Some villages were so keen on the project that they wanted to close off their entire lagoons to fishing-a step project staff discouraged because of the impact it would have had on older people and women, who don't fish beyond the reef. Other communities have built special fales like Saluafata's from which they guard the reserve against thieves from other villages. If their own people break the rules, they're brought before the powerful village fono, or council, for punishment, which might be a fine of pigs, cash or a box of canned mackerel. "We love the sea as our ancestors did," says Vi Viapae, who has lived on Manono island for all of her 73 years, as she sits weaving a traditional fine mat in the village of Lepuia'i, "and we want to preserve it this way for our children."
It's a long way from the anger the project first aroused. "The fishermen are happy because they see the change," says commitee leader Mulitalo Fuli. In the nearby coastal village of Solosolo, Eseta Leota hopes her four-year-old son Convoy will grow up to fish for the family like his father. Though it means her husband must now venture out beyond the reef for food, she believes the reserve is good for her family: "It's a job for everyone to look after it because it's for the future of our small ones." Every Sunday in church she joins in the village prayer: "We pray for the protection of things in the sea and we pray that other people don't come and destroy our reserve."
Statistics are scarce, but anecdotal evidence suggests that lagoons are recovering under village control. One village recently opened its reserve and caught 400 marlin where marlin had never been found before. Of course, the flipside of such success is that villages may be tempted to dismantle protected areas prematurely. But that, says project manager King, is a decision they should be free to make.
Protecting village resources isn't the only challenge Samoans face. The country's commercial fishing industry has grown dramatically since long-line techniques were adopted in 1994, so much so that tuna is now Samoa's biggest export. Like dynamite in lagoons, the lines, which can be 80 km long and carry 1,600 hooks, have massively increased the annual catch, which was about 5,500 tons last year and is expected to reach 7,000 tons this year. The number of boats plying Samoa's waters has jumped from 25 in 1994 to more than 200. "It's like a gold rush," says Siggi Levi, whose family runs Tradewinds Fishing Co., a tuna processing and exporting company based on Apia's overcrowded wharf. He proudly opens two huge containers filled with ice and magnificently plump yellowfin and big-eye tuna, ready to be flown to Los Angeles. Nearby are containers of albacore tuna destined for big canneries in American Samoa; those not good enough to export end up in Apia's restaurants.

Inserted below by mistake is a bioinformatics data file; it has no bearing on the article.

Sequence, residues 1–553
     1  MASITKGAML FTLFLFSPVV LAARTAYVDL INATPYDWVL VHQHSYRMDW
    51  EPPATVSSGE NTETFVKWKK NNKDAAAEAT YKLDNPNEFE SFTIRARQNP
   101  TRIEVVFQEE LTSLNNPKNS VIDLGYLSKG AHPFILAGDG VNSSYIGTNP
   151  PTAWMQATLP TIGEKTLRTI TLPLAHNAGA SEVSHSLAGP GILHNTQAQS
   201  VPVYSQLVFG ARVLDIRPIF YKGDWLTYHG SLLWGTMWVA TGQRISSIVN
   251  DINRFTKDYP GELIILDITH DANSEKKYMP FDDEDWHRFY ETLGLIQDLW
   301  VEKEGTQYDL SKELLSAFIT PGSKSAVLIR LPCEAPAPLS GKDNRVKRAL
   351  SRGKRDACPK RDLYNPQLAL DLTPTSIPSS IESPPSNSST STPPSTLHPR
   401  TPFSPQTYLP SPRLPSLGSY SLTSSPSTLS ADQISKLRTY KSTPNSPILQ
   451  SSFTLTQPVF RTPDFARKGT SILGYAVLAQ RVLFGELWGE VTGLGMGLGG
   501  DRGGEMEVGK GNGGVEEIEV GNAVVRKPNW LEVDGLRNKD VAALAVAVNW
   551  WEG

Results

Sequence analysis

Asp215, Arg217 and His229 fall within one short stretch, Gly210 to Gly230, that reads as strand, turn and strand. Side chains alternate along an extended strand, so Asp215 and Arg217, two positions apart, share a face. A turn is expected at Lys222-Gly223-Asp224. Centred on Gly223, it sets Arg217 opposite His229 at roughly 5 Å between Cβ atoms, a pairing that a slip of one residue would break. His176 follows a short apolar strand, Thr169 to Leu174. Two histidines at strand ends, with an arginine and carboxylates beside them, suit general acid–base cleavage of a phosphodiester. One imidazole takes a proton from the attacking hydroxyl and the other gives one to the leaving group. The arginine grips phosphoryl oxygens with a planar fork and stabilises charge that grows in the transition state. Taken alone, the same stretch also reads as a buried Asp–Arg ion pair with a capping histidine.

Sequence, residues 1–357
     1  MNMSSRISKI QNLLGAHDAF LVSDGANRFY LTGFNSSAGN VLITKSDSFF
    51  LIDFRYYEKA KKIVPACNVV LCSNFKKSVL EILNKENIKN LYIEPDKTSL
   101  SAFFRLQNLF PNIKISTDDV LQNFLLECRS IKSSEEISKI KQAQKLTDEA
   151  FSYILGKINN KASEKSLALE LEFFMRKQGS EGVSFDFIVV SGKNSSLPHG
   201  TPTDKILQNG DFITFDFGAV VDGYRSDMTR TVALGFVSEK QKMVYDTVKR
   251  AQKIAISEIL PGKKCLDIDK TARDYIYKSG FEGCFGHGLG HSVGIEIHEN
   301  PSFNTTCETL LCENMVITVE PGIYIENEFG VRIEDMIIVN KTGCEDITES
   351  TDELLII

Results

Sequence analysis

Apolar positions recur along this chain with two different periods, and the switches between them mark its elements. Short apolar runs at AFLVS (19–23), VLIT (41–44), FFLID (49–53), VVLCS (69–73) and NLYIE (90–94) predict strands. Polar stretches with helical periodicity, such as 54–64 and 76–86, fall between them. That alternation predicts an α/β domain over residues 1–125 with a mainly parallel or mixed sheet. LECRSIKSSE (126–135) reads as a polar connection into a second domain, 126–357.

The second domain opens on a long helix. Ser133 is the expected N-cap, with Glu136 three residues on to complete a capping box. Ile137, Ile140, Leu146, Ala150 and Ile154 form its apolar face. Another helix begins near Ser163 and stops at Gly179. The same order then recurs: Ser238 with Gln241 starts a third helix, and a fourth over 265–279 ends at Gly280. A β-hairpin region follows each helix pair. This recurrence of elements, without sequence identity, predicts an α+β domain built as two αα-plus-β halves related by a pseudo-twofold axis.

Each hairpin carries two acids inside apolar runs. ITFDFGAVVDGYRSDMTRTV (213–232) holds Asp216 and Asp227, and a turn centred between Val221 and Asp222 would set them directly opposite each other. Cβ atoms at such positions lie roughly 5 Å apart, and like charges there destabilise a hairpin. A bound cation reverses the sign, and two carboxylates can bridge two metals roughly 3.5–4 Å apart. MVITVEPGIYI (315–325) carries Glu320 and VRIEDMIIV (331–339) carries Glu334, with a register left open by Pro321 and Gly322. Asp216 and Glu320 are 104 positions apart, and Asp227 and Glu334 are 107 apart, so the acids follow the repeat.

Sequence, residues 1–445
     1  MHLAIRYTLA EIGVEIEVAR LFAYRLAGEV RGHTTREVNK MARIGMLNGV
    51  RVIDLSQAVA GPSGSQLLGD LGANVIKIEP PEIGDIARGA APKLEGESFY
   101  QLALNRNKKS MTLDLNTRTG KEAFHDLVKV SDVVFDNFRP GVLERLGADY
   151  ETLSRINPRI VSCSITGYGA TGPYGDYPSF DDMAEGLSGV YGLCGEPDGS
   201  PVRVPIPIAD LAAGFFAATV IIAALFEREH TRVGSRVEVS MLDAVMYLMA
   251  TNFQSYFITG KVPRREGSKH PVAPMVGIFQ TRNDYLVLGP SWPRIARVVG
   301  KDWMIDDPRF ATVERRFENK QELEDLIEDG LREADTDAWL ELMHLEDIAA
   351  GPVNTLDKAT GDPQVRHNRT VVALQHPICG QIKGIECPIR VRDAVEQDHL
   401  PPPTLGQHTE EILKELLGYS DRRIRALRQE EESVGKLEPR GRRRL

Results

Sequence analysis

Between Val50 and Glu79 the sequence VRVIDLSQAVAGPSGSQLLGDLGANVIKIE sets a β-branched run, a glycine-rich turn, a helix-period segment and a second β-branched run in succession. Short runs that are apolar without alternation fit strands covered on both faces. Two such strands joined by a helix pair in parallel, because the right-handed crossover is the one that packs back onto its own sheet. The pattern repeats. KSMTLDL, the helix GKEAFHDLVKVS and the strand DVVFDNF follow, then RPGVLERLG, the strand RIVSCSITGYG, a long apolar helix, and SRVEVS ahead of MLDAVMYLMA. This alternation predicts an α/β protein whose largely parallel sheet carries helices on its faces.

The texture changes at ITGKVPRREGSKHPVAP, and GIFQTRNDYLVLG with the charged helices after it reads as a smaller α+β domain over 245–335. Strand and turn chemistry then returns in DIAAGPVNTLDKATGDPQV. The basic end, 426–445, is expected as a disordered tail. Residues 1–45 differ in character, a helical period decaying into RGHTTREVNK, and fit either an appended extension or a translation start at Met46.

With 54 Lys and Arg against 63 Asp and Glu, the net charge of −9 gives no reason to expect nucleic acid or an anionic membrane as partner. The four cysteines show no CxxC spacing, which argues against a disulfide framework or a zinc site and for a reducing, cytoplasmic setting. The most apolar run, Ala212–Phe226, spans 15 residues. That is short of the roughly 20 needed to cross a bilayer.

At 130,000 sq. km, Samoa's Exclusive Economic Zone is the smallest in the Pacific region-but one of the richest. "They're a lucky country with their tuna," says AusAID project manager King. But like many others, he worries that greed may see too many boats given licences. Already, says Levi, "there's a bit of conflict out there with that many boats-people running over others' lines or getting entangled." Increasingly, Samoa's small alia catamarans are trying to compete with new, larger boats, many over 15 m long and partly foreign-owned, that can go further out to sea and stay longer. The problem with this isn't over-fishing but profitability in an ever more crowded industry. King and others shake their heads at a recent government decision-against their recommendation-to increase the number of licenses available to large boats from eight to 15. "They could kill the goose that lays the golden egg," King says.
So far, fishing has been good to people like Leau Chu Sing, a tattooed 49-year-old who's been a commercial fisherman for 30 years. He used to work on an alia in the hot sun and sleep on the wharf at night. The hard life has paid off: now he sits in his new office, built on the site of the verandah where he used to sleep. Four years ago he bought his first big boat; now he has three, two of which go out for a week at a time and return brimming with tuna. "The bigger the boat, the more money you make," he says. He worries about how long the fish will last, but for now he's doing very well.
Samoa has been blessed with its marine resources-and for a long time its people took that for granted. When Myki Lafaele first visited villages to explain the project, he often encountered disbelief. "Sometimes the first thing people said was, God has given us the fish, so why are we conserving them?" he recalls. Now in their lagoons Samoans are learning that even the most bounteous gifts must be used wisely. Doing the same in their vast backyard of sparkling ocean will be their next great quest.